How does someone prepare for a BJJ tournament, especially when the person is gassing out after the first minute of the first fight? What could be the reason of gassing out? Is the overtraining him-/herself or does he/she needs physical training?

2 Answers 2


I second Dave Liepmann's opinion about adrenaline. It likely is an adrenaline dump. And yes, competing more will help. It will lessen the nerves over time. Learning to calm yourself down before the match will also help. So, deep breathing exercises and doing something to take your mind off of it.

Aside from that, if it is physical rather than mental, then there are multiple issues that can be looked at.

First, ask your doctor. This could be an indication of a heart problem. Maybe a leaky valve or a misfiring of nerves that control the heart. It could also indicate high or low blood pressure. Or maybe a problem with electrolytes in the blood. You won't know until you've gotten yourself thoroughly checked out. And there are such things as sports medicine doctors. They have tests that can see how your cardiovascular and respiratory system are responding under stress. That can reveal problems that wouldn't be seen if you're in a resting state.

Second, conditioning. Obviously, if someone isn't used to going all out for several minutes without end, then that's something to work on. Weightlifting can be helpful, but switch to fast power lifts and high rep work. As opposed to low rep, slow lifts. And employ supersets with no rest between supersets.

Adding a running regimen to your conditioning is one of the best things you can do for cardiovascular stamina. You should add sprints once or twice a month (more than that won't be very useful). Go all-out with the sprints: 20 seconds all-out, 10-20 seconds rest, then repeat. Do that for 6-8 reps. It is exhausting, and many people quit after just the first 3 reps. That's to improve cardiovascular endurance, rather than just stamina.

Consider uphill running. And consider buying a weighted sled and/or parachute for getting some resistance while running.

And yes, over-training is a problem. No more than two days of training in a row. Take a rest day after that. Better yet, one day on, one day rest, and repeat. One week out of 4 weeks should be a low intensity week. Also, take several days to one week off right before the competition.

Third, nutrition. Not eating before the competition is a problem. You need energy. So eat. Drink water, too. You don't want to be dehydrated. And don't down a bunch of caffeine or anything else that might pump you up and then dump you. I'm not a fan of energy drinks. I think there's too much potential to screw people up (adrenaline, heart racing, etc.). And they can become habit forming, thereby losing any benefit they might give you anyway. But something like regular Gatorade would be fine.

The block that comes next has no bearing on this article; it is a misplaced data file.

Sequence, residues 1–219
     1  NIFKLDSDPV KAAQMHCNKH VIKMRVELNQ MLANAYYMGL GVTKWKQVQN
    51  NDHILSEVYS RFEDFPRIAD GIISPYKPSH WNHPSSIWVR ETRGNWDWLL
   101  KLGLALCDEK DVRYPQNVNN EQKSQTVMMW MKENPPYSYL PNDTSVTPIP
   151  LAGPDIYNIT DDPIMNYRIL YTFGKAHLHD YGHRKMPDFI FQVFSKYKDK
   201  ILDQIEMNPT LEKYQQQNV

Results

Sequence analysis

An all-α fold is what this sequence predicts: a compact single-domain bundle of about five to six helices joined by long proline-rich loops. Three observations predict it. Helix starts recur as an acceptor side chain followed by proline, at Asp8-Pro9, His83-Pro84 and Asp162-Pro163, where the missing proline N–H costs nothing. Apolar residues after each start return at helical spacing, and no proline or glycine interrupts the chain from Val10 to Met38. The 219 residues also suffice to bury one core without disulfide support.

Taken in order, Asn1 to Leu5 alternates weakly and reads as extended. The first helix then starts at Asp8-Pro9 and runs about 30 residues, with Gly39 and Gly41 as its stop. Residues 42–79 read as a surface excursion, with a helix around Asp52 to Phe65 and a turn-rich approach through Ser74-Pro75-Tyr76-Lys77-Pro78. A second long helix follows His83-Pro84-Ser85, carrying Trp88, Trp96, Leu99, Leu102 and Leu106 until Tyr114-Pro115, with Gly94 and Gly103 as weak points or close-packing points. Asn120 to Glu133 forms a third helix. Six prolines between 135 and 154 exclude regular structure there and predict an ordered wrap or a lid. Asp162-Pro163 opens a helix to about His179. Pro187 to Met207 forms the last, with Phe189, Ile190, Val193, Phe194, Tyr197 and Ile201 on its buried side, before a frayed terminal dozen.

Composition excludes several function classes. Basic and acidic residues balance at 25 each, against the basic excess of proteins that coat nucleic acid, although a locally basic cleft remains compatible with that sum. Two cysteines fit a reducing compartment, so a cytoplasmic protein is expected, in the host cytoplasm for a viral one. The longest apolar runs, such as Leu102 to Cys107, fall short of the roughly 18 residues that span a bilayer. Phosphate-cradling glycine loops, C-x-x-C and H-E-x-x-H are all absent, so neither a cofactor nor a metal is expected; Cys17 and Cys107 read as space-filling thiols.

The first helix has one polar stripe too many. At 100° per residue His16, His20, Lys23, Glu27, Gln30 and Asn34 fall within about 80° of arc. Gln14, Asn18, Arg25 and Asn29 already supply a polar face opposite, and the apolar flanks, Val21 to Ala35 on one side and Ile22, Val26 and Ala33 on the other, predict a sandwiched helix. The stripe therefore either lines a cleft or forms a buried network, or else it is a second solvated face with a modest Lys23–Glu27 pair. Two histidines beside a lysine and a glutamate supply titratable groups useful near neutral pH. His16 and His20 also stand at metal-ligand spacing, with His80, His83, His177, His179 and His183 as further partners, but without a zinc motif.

Anyway, those are my thoughts.

  • -1 Gassing in a tournament is far from an indication of a heart problem. (If it happened in class then that would be more a possibility.) I disagree with your conditioning advice, and your advice about overtraining is taken from strength training and misapplied to BJJ. Apr 24, 2014 at 7:45
  • Right Dave, but we don't know anything about this person. While it was described as "during a competition", we don't know how this person trains normally in class. While we can imagine that all BJJ schools train hard, that may not be so. This person may also be a 2-4 month white belt in, for example, a BJJ school that doesn't allow free sparring in class. We have no idea. My advice is not an indictment of BJJ, but cautionary. And honestly, you're dead wrong for being against a doctor looking into this. Apr 25, 2014 at 17:07
  • Fast power lifts are actually done during competition. So train using free weights ahead of time. If you've ever done this in training, you'll notice that your heart rate goes through the roof. Putting a high load on your body and then having to repeat it a good number of reps will increase your cardiovascular endurance. So will sprints and other high intensity exercises. But the caution is to make sure you don't have a heart condition ahead of time. Many athletes don't know they do, and they just collapse and die doing their chosen sport (basketball, running, whatever). Apr 25, 2014 at 17:15
  • Yes, my advice for preventing over training comes from weightlifting. My reasoning is that weightlifting is all about destroying muscles and rebuilding them (with rest). Training in BJJ uses muscles also, aerobically and anaerobically. Recovery for aerobic training is usually a 48 hour ordeal, with 24 hours being minimal, and something only top athletes are able to do. Recovery for anaerobic training is much larger, which is why I say take one week out of 4 for low intensity exercise / rest. Recovery should be at the top of any athlete's priorities. Apr 25, 2014 at 17:20

You probably gassed because you experienced an adrenaline dump. Solution: compete more.

If you're training a lot then overtraining might be a culprit, but that's more easily evaluated by looking at the person's training schedule than the single data point of "gassed out in their first match". If you're not doing any out-of-class strength and conditioning and you're training less than five times a week the issue is probably not training enough, not training too much.


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